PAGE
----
US 4244214 A
A visual tire valve is adapted for mounting over a tire valve stem and includes an apertured stem housing at one end mounted upon the valve stem, has an elongated bore intermediate its ends, a barrel having a counterbore, and a stem member at its other end having a normally closed longitudinal bore whose inner end communicates with the counterbore and whose outer end communicates with atmosphere. An axially apertured bolt is slidably nested within the elongated bore and has three annular bands of different colors upon its exterior for indicating over inflation, proper inflation and under inflation with respect to a window in the stem housing. A spring is interposed in compression between the bolt and stem member. A normally seated spring-biased air flow control rod is disposed within the stem member closing off air communication therethrough. A normally seated valve within the bolt is adapted to prevent passage of air therethrough in one direction. With the bolt biasing spring precalibrated for a preset tire pressure, the bolt color bands automatically indicate through the window tire air pressure as below, above or the same as the preset tire pressure.
1. A visual tire valve adapted for mounting over a tire stem comprising a stem housing at one end mounted upon said stem, said housing having an elongated bore intermediate its ends and a barrel at its other end having a counterbore communicating with said bore;
a bolt slidably mounted within said bore having a longitudinal aperture therethrough;
a oneway valve normally seated in said aperture having a stem projected loosely through said bolt aperture and outwardly thereof;
there being three annular bands of different colors end-to-end over the exterior of said bolt, for indicating over-inflation, proper inflation, and under-inflation, respectively;
a transparent window in said stem housing of the same width as one color band, for viewing one band and alternately, parts of a pair of adjacent bands;
said barrel including an axial stem portion having a normally closed longitudinal bore, the inner end of the stem portion being in registry with said counterbore and its outer end extending from said barrel;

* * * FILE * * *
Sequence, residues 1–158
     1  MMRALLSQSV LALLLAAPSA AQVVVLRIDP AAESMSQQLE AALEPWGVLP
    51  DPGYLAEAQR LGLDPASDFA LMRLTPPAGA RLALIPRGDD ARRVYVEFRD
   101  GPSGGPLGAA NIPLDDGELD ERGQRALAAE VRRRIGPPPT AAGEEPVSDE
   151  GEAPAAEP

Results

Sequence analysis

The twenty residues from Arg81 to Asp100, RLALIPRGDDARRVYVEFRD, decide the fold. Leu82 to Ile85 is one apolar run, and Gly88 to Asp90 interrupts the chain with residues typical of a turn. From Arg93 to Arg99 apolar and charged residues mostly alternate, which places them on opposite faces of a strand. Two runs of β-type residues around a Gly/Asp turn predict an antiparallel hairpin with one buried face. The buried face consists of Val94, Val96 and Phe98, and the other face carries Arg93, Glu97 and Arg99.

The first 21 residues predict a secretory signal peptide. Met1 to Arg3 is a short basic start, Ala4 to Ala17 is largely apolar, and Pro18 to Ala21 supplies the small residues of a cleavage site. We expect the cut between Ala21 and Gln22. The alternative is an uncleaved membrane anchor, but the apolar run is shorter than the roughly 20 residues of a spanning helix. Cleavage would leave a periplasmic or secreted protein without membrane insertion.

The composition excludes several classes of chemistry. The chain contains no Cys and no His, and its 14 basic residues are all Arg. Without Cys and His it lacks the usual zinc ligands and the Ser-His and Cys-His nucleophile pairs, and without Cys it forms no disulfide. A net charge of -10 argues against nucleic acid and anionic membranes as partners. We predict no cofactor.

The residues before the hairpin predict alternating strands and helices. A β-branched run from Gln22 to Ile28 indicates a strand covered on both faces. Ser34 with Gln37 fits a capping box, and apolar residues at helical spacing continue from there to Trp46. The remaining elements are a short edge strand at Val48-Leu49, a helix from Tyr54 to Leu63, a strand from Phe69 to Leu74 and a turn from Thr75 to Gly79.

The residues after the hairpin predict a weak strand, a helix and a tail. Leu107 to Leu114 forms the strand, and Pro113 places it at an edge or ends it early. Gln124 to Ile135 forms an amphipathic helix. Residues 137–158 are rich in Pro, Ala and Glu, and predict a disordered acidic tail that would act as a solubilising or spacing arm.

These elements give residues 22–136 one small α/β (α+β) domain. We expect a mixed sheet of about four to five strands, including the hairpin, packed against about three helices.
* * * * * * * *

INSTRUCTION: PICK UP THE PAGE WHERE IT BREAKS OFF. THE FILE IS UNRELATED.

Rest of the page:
a spring calibrated for a predetermined tire pressure, within said barrel interposed in compression between said bolt and stem portion;
and a normally seated spring-biased air flow control rod within said stem portion closing off air communication therethrough, and upon application thereto of air under pressure adapted to unseat for transmitting compressed air through said stem portion and housing, unseating said valve, and through said tire valve stem, said bolt reacting to the tire pressure until an intermediate color band registers with said window.
2. In the tire valve of claim 1, said stem housing having an internally threaded collar at one end mounted upon said tire valve stem, said stem housing including an apertured head between said collar and bore, said bolt being cylindrical and movably sealed within said elongated bore.
3. In the visual tire valve of claim 1, said valve stem terminating in a stop outwardly of said bolt;
an extension rod at one end adjustably threaded into said air flow control rod axially thereof with its other end normally spaced from said valve stop;
said flow control rod on over inflation adapted for manual unseating, said extension rod unseating said valve to permit the escape of excess pressurized air from the tire and through said housing and control rod until the intermediate color band registers with said window.
4. In the visual tire valve of claim 1, said visual tire valve being precalibrated for the predetermined proper tire inflation with the intermediate color band registering with said window, any subsequent movement of said bolt and corresponding color bands due to a change in said inflation pressure providing a visual indication at said window of over and under inflation, respectively.
5. In the visual tire valve of claim 1, said stem housing and barrel being of uniform outside diameter.